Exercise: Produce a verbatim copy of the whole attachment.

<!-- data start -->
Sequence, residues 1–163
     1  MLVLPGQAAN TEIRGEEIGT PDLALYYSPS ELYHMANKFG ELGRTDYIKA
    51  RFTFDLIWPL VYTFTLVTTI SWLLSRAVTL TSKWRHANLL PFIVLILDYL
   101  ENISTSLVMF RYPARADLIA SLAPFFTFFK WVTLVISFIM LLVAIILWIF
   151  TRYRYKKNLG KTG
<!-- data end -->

Sequence, residues 1–163
     1  MLVLPGQAAN TEIRGEEIGT PDLALYYSPS ELYHMANKFG ELGRTDYIKA
    51  RFTFDLIWPL VYTFTLVTTI SWLLSRAVTL TSKWRHANLL PFIVLILDYL
   101  ENISTSLVMF RYPARADLIA SLAPFFTFFK WVTLVISFIM LLVAIILWIF
   151  TRYRYKKNLG KTG